On January 3 Wine Spectator’s Matt Kramer posted that people tend to stick to the wines they know. He had assumed this meant that they tended to buy Chardonnays, Cabernets, Merlots, and Pinot Noirs. From an Ohio merchant, however, he learned that while his premise is true, buyers actually seem to stay within about 25 types of wine. The merchant reported that while he tries to stock a variety of wines from a variety of places, his customers tend to buy the same ones repeatedly.
Matt uses that information to encourage us all to try at least one different wine on a regular basis. That way, we would all expand our knowledge and undoubtedly make new wine friends along the way.
I have found that as I have aged and become less adventuresome, I fall into that category of using the same wines again and again. Even though there are now more wines available from more different grapes and from more different places, I still head for the shelves where my stand-byes are located. Perhaps even in years past I wouldn’t have been adventurous because the opportunities weren’t there. When I began using wine, I used the limited variety available and on offer, and I suspect that for a neophyte that was adventure enough.
But I take comfort in an old French adage quoted by Guy Hibbard in the December/January issue of France Today. “Drink the wine you can afford and the wine you like.”
Afford, of course, is relative, but I have become cautious about investing much more than my daily budgeted amount for a bottle I just may not really like. In spirit, I am with Matt Kramer, but in the front lines, I follow the conflicting advice in that old adage.
For twelve years, Dorothy Gaiter and John Brecher, husband and wife, wrote a wine column for the Wall Street Journal called “Tastings.” In 2010, after their 579th column, they announced it would be their last and both have continued on with their journalistic careers, Gaiter as Senior Editor at grapecollective.com and Brecher, after the WSJ, at Bloomberg News and, most recently, USA Today.
As columnists at the WSJ, they started “Open That Bottle Night.” Annually, on the last Saturday in February, readers were asked to select a symbolic bottle of wine that was meaningful to them in the past and take a moment to reminisce and reflect. The event remains a tradition among their faithful readers. Super great idea!
A 2009 column summed up the most often-asked questions of the duo. Here are just a few of those questions and answers that remain pertinent today.
When asked about the best glass to use, they replied, “a large glass, 20 to 22 ounces. Look for clear, thin glass, a long stem, and a slight curve at the top.”
How do you remove wine labels? Gaiter/Brecher suggested taking a digital picture. If you want the actual label, they recommended the oven method. Heat an oven to 350 degrees. Turn off the heat and place the empty bottle inside the oven for a few minutes. Using oven mitts, remove the hot bottle and start to peel at a corner of the label with a knife. If that doesn’t work, they said to cool down the bottle and try to boil it off. I personally have not had good luck with that. The last resort, they reported, is to buy sticky strips at wine stores that are for that purpose. I’ve never seen that product but now I’m curious to find it.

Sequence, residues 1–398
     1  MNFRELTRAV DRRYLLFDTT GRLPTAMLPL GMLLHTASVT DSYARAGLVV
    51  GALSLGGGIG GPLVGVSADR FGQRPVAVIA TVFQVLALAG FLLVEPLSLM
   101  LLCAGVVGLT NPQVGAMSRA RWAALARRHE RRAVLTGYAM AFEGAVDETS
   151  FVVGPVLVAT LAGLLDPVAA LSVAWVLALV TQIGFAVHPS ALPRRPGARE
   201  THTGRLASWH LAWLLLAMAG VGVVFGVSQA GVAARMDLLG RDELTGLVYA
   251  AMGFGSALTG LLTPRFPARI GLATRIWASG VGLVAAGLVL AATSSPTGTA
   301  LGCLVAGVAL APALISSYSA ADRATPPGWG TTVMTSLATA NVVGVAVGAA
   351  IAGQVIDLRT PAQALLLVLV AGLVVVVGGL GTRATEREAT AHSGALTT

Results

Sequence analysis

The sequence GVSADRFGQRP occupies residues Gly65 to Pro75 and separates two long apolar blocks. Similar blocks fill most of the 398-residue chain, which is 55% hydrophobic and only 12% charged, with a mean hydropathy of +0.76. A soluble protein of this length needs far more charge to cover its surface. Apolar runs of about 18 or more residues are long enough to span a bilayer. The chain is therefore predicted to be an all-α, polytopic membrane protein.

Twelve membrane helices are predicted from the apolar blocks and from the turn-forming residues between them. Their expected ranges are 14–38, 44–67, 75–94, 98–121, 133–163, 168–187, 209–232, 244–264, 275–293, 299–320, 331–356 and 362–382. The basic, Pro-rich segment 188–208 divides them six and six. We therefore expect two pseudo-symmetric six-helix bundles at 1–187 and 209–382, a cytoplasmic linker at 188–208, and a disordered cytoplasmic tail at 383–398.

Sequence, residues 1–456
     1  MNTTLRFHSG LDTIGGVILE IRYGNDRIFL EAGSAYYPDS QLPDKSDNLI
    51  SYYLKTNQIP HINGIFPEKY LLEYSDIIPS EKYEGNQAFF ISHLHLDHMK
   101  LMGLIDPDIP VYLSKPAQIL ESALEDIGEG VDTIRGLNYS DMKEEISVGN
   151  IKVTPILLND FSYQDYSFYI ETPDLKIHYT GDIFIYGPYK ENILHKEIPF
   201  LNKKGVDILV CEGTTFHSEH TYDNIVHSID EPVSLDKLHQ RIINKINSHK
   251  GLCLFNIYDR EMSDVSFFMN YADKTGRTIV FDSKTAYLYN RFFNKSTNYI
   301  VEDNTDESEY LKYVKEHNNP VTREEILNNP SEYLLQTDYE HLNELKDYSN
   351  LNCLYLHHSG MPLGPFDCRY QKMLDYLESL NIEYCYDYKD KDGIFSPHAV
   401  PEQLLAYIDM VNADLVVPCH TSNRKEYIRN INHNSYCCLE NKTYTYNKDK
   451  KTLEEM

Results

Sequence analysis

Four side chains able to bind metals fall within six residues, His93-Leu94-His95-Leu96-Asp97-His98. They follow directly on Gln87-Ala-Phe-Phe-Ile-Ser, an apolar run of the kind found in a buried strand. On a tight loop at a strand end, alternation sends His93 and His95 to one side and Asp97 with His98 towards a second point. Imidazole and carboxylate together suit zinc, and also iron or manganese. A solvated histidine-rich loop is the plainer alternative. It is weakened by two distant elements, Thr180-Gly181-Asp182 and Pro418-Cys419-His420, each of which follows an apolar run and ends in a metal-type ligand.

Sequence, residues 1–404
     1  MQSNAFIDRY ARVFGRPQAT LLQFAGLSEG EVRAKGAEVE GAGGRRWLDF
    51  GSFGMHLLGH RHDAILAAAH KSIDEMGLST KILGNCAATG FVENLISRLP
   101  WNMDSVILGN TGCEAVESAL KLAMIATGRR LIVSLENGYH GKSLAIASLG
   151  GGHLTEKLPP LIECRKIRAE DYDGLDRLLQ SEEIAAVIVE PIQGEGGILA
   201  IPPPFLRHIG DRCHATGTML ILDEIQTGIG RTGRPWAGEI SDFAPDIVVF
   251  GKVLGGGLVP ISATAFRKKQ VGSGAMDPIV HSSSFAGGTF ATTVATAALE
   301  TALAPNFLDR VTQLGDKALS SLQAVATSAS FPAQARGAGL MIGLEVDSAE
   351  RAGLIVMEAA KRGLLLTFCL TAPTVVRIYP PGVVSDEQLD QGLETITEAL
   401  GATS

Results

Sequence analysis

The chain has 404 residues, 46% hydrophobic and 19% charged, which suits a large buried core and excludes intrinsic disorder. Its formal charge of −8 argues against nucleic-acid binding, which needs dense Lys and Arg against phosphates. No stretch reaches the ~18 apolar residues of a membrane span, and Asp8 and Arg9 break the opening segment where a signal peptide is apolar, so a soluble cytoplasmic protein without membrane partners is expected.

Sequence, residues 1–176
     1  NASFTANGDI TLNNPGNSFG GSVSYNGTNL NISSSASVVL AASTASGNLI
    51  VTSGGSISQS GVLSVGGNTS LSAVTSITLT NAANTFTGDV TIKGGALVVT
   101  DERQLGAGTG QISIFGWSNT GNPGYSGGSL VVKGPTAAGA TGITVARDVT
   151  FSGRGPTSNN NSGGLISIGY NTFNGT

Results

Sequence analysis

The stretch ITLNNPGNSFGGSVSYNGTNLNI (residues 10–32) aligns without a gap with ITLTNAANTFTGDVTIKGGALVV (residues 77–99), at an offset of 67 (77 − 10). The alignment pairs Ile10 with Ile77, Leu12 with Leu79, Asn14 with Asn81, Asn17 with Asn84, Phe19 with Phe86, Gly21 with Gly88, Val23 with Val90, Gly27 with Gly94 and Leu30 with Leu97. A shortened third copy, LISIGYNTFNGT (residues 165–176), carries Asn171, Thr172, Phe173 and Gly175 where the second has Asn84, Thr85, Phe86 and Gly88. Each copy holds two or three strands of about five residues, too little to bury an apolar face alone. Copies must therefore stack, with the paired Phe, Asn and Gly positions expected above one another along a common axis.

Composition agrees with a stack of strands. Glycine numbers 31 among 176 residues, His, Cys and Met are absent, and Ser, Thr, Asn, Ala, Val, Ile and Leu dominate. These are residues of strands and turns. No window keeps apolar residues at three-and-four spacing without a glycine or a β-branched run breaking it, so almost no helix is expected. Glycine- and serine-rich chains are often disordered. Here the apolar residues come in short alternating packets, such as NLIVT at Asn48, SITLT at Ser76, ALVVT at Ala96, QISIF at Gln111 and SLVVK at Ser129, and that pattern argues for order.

Should I decant? “Generally, no.”
Readers asked the duo about wines they particularly like and then wanted their opinion. “It doesn’t matter.” They suggested you drink the wines you love and love the wines you drink and don’t let anyone tell you otherwise, including columnists. Priceless! They said to take an example of what you like to drink and ask the wine store clerk if they have any suggestions about what else you might try that is similar. Gaiter/Brecher said “that’s how great wine journeys get started.”
I say “Happy Travels.”
Bloomberg L.P. is a data, analytics, and information business which began in 1981 and then quickly added a financial news division. At the end of 2016, Elin McCoy writes in Bloombergquint.com about the climate of wine in 2017. McCoy says 2017 will be a time of experimentation and exploration and, while craft beers, hard ciders, and flavored whiskeys will continue to grow with consumers, McCoy predicts wine in 2017 will remain strong.
In the area of experimentation, you may see restaurant wine lists leave their thick leather-bound notebooks and exist in a format that can be ever-changing. Think artsy brochure or a graphic novel format. Wine packaging has a new look in some markets. A London start-up company has designed a plastic wine bottle that is flattened like a flask so it will fit the shape of a U.K. letterbox (mailbox).
We’ve seen wine in bottles, stainless kegs, and boxes. Last year, sales of wine in cans grew by 125%. Wine cans are a cost savings compared to bottles. Cans are easy to carry around, chill faster, and are more friendly to the environment. Besides the convenience, you won’t need a wine opener or a glass. McCoy predicts more companies will try cans in 2017.
Popular French wine regions will be charging more for their wines due, in part, to inclement weather. Burgundy wines and Beaujolais will be less plentiful and therefore pricier. In the area of exploration, McCoy believes consumers will look toward the Loire Valley. Not to worry because there are great wines from that region. Grapes such as the cabernet franc, gamay, and chenin blanc are all winners and should be reasonably priced in 2017.
Champagne consumption grew by 10% in the U.S. last year. Even China is drinking more sparkling wines. McCoy says Spanish sparkling wines or cavas will be popular and a dry Italian lambrusco will be available.
2017 might be the year to drink outside the box. Try a can of wine, sample a chenin blanc from the Vouvray region of France. Check out a Spanish cava.« NEWER POSTS | OLDER POSTS »